76 Arrested at Standing Rock as Trump Tries to Move DAPL Forward
Seventy-six Water Protectors were arrested following a clash with law enforcement at Standing Rock on Wednesday afternoon. The arrests came a day after federal officials claimed that the final controversial easement for the Dakota Access Pipeline (DAPL) had been granted.
Army Corps Ordered to Issue Final Easement for Dakota Access Pipeline, Two Lawmakers Say https://t.co/nNkdfXRSj5 @kxlblockade @NoTarSands— EcoWatch (@EcoWatch)1486003808.0
Morton County Sheriff's Office spokesman Rob Keller told BBC News that the arrests were made after demonstrators moved from their flood-prone main camp, Oceti Sakowin, to private land owned by the pipeline operator, Energy Transfer Partners.
According to the Huffington Post, deputies said "rogue protesters" were seized without injury after twice refusing warnings to leave the property,.
LIVE These MCS/NATLGUARD that are raiding the unarmed #NoDAPL #WaterProtectors new camp at #StandingRock by force:… https://t.co/tnbQyqZdBc— Tracy Savage (@Tracy Savage)1485989804.0
"Law enforcement showed great restraint, enduring verbal abuse and taunts and protesters resisting arrest but did not make use of any less-than-lethal munitions. The camp was cleared by around 4:00 pm," the office said in a statement.
Demonstrators noted in a Facebook post that the short-lived "Last Child" camp was a "peaceful assembly."
West Dakota's KFYR TV also reported that the demonstrators built the new camp as a peaceful protest site.
"We want to make it more spiritual, we want to make it a difference from the old Oceti. We want to call this camp the Last Child Camp," protester Rance Sneed told the TV station.
The video shows several officers arriving to the scene in armored vehicles. They were wearing riot gear and some carried arms.
For months, the demonstrators have been trying to block the highly contested pipeline which they say violates sovereign treaty rights and could contaminate their water supply.
"A lot of water protectors really felt that we needed to make some sort of stand as far as treaty rights," Linda Black Elk, a member of the Catawba Nation, told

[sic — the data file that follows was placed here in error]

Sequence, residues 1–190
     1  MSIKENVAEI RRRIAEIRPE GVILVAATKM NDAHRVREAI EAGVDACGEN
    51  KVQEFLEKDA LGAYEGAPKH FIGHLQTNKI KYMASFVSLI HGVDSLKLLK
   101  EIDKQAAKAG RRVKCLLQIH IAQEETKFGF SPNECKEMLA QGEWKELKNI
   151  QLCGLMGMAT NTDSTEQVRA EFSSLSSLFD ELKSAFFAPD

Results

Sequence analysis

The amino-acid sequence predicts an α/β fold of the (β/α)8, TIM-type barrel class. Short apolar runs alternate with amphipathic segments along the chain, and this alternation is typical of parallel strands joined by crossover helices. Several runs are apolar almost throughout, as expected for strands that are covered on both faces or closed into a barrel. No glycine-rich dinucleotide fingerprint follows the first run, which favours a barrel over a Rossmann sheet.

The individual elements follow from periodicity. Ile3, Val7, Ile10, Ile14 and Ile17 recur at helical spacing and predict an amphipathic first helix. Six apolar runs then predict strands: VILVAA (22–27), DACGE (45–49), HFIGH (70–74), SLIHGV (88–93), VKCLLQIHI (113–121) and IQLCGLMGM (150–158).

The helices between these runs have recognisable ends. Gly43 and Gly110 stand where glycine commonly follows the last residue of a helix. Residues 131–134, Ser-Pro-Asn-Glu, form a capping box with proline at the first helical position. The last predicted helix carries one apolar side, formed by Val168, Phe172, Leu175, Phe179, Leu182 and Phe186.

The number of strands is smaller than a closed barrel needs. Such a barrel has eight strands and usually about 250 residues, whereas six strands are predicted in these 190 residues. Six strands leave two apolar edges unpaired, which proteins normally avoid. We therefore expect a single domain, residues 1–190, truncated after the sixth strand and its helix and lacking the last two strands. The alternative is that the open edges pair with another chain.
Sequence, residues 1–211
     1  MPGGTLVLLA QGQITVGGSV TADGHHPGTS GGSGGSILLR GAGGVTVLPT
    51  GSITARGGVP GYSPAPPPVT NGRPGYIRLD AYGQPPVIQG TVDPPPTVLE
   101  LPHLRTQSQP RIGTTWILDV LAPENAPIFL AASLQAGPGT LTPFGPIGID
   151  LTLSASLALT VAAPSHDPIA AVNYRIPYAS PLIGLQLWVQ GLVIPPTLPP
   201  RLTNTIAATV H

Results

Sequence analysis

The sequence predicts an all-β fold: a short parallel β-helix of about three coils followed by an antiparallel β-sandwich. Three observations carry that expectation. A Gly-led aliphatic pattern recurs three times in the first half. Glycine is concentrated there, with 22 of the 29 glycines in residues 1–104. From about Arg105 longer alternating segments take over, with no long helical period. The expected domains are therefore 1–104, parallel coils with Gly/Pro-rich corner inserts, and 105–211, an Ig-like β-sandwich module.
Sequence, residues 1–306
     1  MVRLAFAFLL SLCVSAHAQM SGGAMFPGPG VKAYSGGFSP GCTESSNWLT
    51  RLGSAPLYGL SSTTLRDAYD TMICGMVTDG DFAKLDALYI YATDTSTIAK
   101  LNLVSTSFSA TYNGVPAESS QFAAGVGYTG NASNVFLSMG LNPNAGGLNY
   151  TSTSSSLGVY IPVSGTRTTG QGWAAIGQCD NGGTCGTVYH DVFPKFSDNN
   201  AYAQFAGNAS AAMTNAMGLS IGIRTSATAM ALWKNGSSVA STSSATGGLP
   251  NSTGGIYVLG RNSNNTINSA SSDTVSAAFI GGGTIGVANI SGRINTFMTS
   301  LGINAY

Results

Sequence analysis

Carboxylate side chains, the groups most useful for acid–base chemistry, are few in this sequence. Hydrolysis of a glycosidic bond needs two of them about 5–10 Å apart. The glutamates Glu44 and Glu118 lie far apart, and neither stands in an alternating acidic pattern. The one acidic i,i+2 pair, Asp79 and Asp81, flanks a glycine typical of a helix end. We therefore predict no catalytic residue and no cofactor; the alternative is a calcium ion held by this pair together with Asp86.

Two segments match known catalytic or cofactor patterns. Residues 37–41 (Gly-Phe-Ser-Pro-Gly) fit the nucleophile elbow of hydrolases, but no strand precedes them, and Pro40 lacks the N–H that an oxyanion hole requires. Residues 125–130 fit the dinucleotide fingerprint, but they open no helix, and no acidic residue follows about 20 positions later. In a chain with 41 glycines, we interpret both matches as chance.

The Guardian. "We basically started to see police mobilizing from all directions. Someone came along and told us we had about 15 minutes before the camp would get raided."
"There were a lot of people who felt like the prospect of treaty rights was something worth getting arrested over," she added.
Former Congressional candidate Chase Iron Eyes, a vocal opponent against the pipeline project, was among those arrested on Wednesday.
The incident comes one week after President Donald Trump's orders to revive the $3.8 billion project. The Executive Order instructs the Army Corps to "review and approve [the Dakota Access Pipeline] in an expedited manner" and to consider withdrawing the environmental-impact requirement ordered by the Obama administration.
OMG! #Trump to Sign 2 Executive Actions to Advance #KeystoneXL & #DakotaAccess Pipelines https://t.co/k4nlcbwWCO @bruneski @SierraClub @NRDC— EcoWatch (@EcoWatch)1485274468.0
On Tuesday, Sen. John Hoeven (R-ND) and Rep. Kevin Cramer (R-ND) issued separate statements suggesting that the acting Secretary of the Army Robert Speer has ordered the Army Corps to issue the final easement to tunnel under Lake Oahe.
Cramer's statement appeared on his website with a photo of a shovel and a hashtag saying, #Build It.
"I have received word the Department of Defense is granting the easement for the Dakota Access Pipeline and Congressional notification is imminent," he said. "It's time to get to work and finish this important piece of energy infrastructure enhancing America's energy security and putting North Dakotans and Americans back to work. President Trump has proven to be a man of action and I am grateful for his commitment to this and other critical infrastructure projects so vital to our nation."
But in a statement Tuesday night, the Standing Rock Sioux said they had not received notice that the easement had been granted, calling the lawmakers' claims "premature" and challenging the possible suspension of the Army Corps' environmental impact statement as a "wholly unexplained and arbitrary change based on the president's personal views and, potentially, personal investments."
Law enforcement has arrested 696 protesters since August 10, 2016, the Morton County Sheriff's Office said. Unfortunately for the Water Protectors, they might be facing a legal nightmare.
As Freshet Collective reported: